The Michigan Daily - Friday, October 11, 2002 - 5A
Council veterans Hieftje, Higgins
tango in biennial race for mayor
By Christopher Johnson
Daily Staff Reporter
"What happens in the city can more powerful-
ly affect students' lives than actions at the
national level," said Democratic Mayor John
Hieftje, who is seeking a second two-year term
this year. "It's a sense of local action to make life
better for students, not only those that are here
now, but those who will follow."
Since Hieftje and his opponent, Republican
City Councilwoman Marcia Higgins, are vying
for the position as mayor in a college city, the
outcome of the race may hinge on whom more
"Students are a viable part of the community
because their youth, passion and creativity con-
tribute to the vitality of Ann Arbor," Higgins said.
The mayor of Ann Arbor serves a two-year
term as president and spokesperson for the City
Council. The mayor can also veto any action of
the council, unless eight council members sup-
port an override.
Hieftje is emphasizing the programs he initiat-
ed in his past term as mayor in his bid to retain
Hieftje has overseen the implementation of
bus engines for the Ann Arbor Transportation
Authority that run on super-low-sulfur fuel and
plans to bring in bio-diesel engines that combust
"We are transforming the bus system into one
of the cleanest in the country," he said.
He also began the city's Clean Communities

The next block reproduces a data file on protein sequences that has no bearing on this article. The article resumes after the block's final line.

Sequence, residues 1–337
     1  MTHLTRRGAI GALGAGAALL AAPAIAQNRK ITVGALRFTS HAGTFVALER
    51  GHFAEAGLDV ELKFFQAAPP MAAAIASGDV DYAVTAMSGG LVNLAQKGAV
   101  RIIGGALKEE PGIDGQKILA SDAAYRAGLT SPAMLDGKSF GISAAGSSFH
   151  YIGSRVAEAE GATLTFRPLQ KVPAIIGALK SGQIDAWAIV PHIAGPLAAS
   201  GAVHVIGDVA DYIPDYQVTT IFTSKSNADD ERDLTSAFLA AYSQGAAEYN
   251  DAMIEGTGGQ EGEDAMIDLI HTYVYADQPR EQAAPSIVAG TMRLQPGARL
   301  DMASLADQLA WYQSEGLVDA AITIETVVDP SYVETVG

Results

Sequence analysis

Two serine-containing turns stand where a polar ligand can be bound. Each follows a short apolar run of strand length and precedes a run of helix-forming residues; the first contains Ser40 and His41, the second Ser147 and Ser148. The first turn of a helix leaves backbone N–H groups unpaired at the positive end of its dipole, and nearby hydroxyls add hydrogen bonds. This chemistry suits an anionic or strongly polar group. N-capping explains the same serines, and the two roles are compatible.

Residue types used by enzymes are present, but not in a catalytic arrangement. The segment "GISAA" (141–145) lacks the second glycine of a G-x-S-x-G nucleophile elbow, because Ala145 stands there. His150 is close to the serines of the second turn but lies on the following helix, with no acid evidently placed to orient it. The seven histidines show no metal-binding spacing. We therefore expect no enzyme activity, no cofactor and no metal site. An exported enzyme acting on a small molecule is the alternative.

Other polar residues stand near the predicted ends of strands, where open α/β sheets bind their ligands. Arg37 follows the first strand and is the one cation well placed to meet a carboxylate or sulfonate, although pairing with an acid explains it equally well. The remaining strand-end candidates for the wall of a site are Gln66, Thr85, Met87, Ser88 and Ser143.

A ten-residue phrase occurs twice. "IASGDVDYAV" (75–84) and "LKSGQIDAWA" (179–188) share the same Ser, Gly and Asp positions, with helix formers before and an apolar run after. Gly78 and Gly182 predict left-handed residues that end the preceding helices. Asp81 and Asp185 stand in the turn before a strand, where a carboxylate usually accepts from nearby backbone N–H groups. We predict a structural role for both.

Program, which holds owners of campus hous-
ing financially responsible for trash removal on
their property. He said he intended the system to
clear both the streets and the storm drains of
Hieftje said, "I want Ann Arbor to be a clean-
looking city, and the biggest beneficiaries will
be students, who are most affected by trash-rid-
To provide more affordable housing in Ann
Arbor, Hieftje has pushed the University to follow
through with building more modern residence halls
to relieve rent pressure. He has also worked with
the Avalon non-profit organization on plans to build
apartments for moderate-income families. A resi-
dence designed for a family of three would cost
$200 to $300 per month. Students whose families
meet the income requirement would qualify for this
Hieftje's opponent Higgins has served on the
council for three years.
In her past term on the council, Higgins has
organized a Smart Zone for Ann Arbor and Ypsi-
lanti, which provides money and new technology
for starting businesses in the area to insure their
stability. Higgins said the increase in business
would provide students with greater opportuni-
ties both as consumers and workers.
Higgins said her main concern in running for
mayor is a lack of public discourse in local gov-
ernment that she claims threatens our democra-
cy. She cited the recent organization of a parks